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Relayer (Deluxe Version)

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Album Review

First things first. It's unlikely that this remaster will convert anyone who rejected Relayer in the past. Even more than its predecessor, the sprawling Tales from Topographic Oceans, Relayer was the sound of a band that built its reputation on vast, ambitious ideas, facing up to the fact that it had completely run out of them — and the so-ponderous intro to "The Gates of Delirium" remains the most disappointing opening that any Yes album has ever endured. How sad that they didn't forget the final mix and go with the studio runthrough instead. Closing the three bonus tracks that pack out the 2003 remaster of Relayer, a full-length blast through that side-long disappointment packs a sparkle and energy that the released version absolutely lacks. The guitars and keyboards shimmer, Anderson's vocal is alive with enthusiasm, and there's a dynamism to the rhythms that simply echoes through your head. Elsewhere among these remasters, the alternate versions of familiar songs have offered little more than a rough blueprint of subsequent majesties. This time, the outtake is the best thing in sight, with the closing "Soon" section standing among the finest Yes recordings of all. "Soon" reappears again among the bonus tracks, in the form of a tight little single edit; "Sound Chaser," too, made it onto 45, and it's intriguing to hear its original nine minutes cut down to just over three, dominated by guitar lines and a loping rhythm that wouldn't have been out of place on a Led Zeppelin album. The "cha-cha-cha" chorus is still annoying, though, and the bulk of the remastered Relayer will doubtless languish unplayed in your CD collection. For that astonishing reappraisal of "Gates of Delirium," however, it's worth the cost of admission.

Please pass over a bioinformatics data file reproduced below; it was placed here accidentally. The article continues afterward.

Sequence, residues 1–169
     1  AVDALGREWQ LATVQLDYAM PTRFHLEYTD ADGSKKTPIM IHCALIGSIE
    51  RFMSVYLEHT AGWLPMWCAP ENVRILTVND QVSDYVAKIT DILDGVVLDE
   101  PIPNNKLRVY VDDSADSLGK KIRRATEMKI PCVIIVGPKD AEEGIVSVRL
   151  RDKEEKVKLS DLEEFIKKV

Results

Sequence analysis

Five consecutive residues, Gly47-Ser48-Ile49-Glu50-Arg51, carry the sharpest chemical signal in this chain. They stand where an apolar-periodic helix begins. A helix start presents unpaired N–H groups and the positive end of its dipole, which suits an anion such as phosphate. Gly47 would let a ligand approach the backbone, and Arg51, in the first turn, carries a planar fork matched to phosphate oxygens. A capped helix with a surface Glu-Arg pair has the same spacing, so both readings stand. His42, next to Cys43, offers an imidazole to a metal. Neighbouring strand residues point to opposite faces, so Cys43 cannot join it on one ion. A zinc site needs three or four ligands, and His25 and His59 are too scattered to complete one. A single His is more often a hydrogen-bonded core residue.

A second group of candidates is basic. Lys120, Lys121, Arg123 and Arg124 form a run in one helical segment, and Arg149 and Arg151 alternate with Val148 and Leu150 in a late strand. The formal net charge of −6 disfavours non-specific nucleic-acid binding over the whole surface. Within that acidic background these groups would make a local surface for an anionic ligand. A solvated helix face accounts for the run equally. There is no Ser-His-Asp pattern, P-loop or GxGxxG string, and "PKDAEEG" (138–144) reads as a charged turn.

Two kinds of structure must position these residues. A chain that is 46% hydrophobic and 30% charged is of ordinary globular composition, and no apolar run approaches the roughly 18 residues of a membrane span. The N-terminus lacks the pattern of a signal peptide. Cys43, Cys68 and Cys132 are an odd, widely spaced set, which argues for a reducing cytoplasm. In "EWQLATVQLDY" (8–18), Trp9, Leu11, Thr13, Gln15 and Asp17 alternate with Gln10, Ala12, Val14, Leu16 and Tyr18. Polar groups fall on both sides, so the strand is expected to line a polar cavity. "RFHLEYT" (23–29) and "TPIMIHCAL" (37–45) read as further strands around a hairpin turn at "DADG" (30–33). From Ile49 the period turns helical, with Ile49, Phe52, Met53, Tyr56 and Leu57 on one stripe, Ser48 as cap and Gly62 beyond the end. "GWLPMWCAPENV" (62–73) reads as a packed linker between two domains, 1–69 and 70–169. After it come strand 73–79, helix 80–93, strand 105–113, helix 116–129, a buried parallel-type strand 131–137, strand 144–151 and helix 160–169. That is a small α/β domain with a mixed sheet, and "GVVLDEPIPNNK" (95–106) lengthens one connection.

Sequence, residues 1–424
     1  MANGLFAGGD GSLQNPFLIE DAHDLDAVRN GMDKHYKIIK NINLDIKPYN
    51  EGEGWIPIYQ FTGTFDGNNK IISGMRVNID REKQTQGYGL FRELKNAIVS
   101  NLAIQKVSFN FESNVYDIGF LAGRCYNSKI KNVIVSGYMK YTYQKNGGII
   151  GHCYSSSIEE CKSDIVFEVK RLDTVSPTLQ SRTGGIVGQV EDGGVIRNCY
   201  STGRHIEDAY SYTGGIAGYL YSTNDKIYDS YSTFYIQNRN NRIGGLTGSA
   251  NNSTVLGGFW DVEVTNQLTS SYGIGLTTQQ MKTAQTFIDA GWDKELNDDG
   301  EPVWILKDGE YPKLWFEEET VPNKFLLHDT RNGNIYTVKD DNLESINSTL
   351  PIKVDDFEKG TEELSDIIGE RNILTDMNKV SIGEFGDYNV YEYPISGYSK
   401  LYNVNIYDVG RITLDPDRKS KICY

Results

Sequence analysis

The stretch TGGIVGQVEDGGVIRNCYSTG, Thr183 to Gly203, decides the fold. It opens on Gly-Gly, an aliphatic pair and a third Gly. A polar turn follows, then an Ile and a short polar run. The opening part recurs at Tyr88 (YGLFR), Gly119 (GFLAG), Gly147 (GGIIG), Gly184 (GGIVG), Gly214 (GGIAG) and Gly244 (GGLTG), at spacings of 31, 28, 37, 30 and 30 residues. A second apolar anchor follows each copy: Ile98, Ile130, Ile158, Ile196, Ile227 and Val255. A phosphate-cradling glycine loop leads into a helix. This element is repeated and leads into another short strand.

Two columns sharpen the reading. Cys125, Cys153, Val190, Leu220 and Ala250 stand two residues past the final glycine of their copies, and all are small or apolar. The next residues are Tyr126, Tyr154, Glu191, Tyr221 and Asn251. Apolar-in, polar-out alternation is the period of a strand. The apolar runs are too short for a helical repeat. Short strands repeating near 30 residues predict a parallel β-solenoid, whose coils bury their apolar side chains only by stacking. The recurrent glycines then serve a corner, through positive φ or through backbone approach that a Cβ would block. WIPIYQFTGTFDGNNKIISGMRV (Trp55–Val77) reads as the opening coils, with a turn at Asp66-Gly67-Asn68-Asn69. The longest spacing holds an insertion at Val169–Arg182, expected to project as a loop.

Formed: 1968 in Birmingham, England

Genre: Rock

Years Active: '60s, '70s, '80s, '90s, '00s, '10s

Far and away the longest lasting and the most successful of the '70s progressive rock groups, Yes proved to be one of the lingering success stories from that musical genre. The band, founded in 1968, overcame a generational shift in its audience and the departure of its most visible members at key points in its history to reach the end of the century as the definitive progressive rock band. Their audience remained huge because they had always attracted younger listeners drawn to their mix of daunting...
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Relayer (Deluxe Version), Yes
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